Do you understand where the bond sits in the capital structure?

Source: XTBs

The capital ranking of securities indicates the order of when you get paid back, relative to other creditors. It also indicates price stability. Higher-ranking investments tend to be less volatile than lower-ranking investments. Corporate bond prices and yields are generally far less volatile than securities ranked below them in the capital structure.

In the event of a company going into liquidation, equity investors are first to lose their money. They are followed by investors in hybrids and subordinated debt. Investors in these securities must be wiped out before bondholders incur a loss.

3. Track record

Has the company previously issued bonds? Have all payments of interest and face value been met?

Australian companies issuing bonds are legally required to make all payments to the bondholder as set out in the bond documents. Although there is always a first time, a history of default sounds warning bells. XTB’s focus on Australia’s 100 largest companies, which considerably reduces this risk.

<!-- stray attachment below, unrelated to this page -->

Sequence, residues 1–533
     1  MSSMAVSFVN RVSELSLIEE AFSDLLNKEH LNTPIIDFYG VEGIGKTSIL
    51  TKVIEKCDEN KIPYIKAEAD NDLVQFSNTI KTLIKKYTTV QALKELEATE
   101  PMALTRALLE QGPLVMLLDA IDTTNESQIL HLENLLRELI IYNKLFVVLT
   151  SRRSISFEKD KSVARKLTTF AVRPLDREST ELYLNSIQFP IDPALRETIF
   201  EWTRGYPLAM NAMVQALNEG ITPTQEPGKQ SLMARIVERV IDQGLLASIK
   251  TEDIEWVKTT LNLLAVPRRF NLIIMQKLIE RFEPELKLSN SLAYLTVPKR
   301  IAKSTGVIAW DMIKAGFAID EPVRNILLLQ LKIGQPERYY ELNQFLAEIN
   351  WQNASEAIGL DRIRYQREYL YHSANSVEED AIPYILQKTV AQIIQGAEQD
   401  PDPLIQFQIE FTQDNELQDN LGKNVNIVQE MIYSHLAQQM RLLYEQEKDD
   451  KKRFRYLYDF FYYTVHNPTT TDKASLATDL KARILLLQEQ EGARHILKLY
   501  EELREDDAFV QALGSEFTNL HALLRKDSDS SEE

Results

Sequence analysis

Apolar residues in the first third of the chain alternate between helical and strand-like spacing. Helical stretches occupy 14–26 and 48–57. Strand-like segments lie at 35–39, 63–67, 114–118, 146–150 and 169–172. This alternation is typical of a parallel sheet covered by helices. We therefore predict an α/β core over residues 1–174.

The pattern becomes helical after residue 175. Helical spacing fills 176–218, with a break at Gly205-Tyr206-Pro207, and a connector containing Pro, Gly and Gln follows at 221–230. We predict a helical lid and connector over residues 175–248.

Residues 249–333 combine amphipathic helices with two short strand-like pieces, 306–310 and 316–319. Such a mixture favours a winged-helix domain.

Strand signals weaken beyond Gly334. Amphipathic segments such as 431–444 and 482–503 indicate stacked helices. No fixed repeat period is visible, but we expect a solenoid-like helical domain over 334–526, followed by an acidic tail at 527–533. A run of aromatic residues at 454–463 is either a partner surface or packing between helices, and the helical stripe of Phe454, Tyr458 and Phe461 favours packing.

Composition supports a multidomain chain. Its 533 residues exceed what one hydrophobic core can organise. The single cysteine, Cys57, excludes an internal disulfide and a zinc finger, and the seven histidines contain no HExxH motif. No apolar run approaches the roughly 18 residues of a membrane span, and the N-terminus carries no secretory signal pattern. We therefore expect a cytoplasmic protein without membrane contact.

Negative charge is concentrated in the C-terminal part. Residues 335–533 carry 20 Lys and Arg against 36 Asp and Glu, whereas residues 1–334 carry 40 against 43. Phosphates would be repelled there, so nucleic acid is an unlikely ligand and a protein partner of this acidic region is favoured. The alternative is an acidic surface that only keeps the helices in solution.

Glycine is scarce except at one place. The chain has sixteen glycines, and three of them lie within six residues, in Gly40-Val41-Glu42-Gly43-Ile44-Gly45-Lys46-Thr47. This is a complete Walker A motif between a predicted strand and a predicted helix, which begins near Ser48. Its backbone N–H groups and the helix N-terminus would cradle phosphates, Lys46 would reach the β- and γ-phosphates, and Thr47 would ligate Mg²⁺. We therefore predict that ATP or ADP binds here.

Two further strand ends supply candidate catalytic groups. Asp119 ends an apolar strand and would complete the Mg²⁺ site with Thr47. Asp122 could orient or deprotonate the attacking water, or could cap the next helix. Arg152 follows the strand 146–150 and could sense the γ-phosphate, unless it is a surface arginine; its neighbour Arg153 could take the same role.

4. Business risks

What is the business environment like for the company? Does it face competitive pressures, regulatory change, geopolitical or macro-economic risk? Factors that impact a company’s financial performance or influence its business strategies can affect its cashflow and profitability. It is important to understand the business risks that could impact a company’s ability to service its debt.

5. Credit risk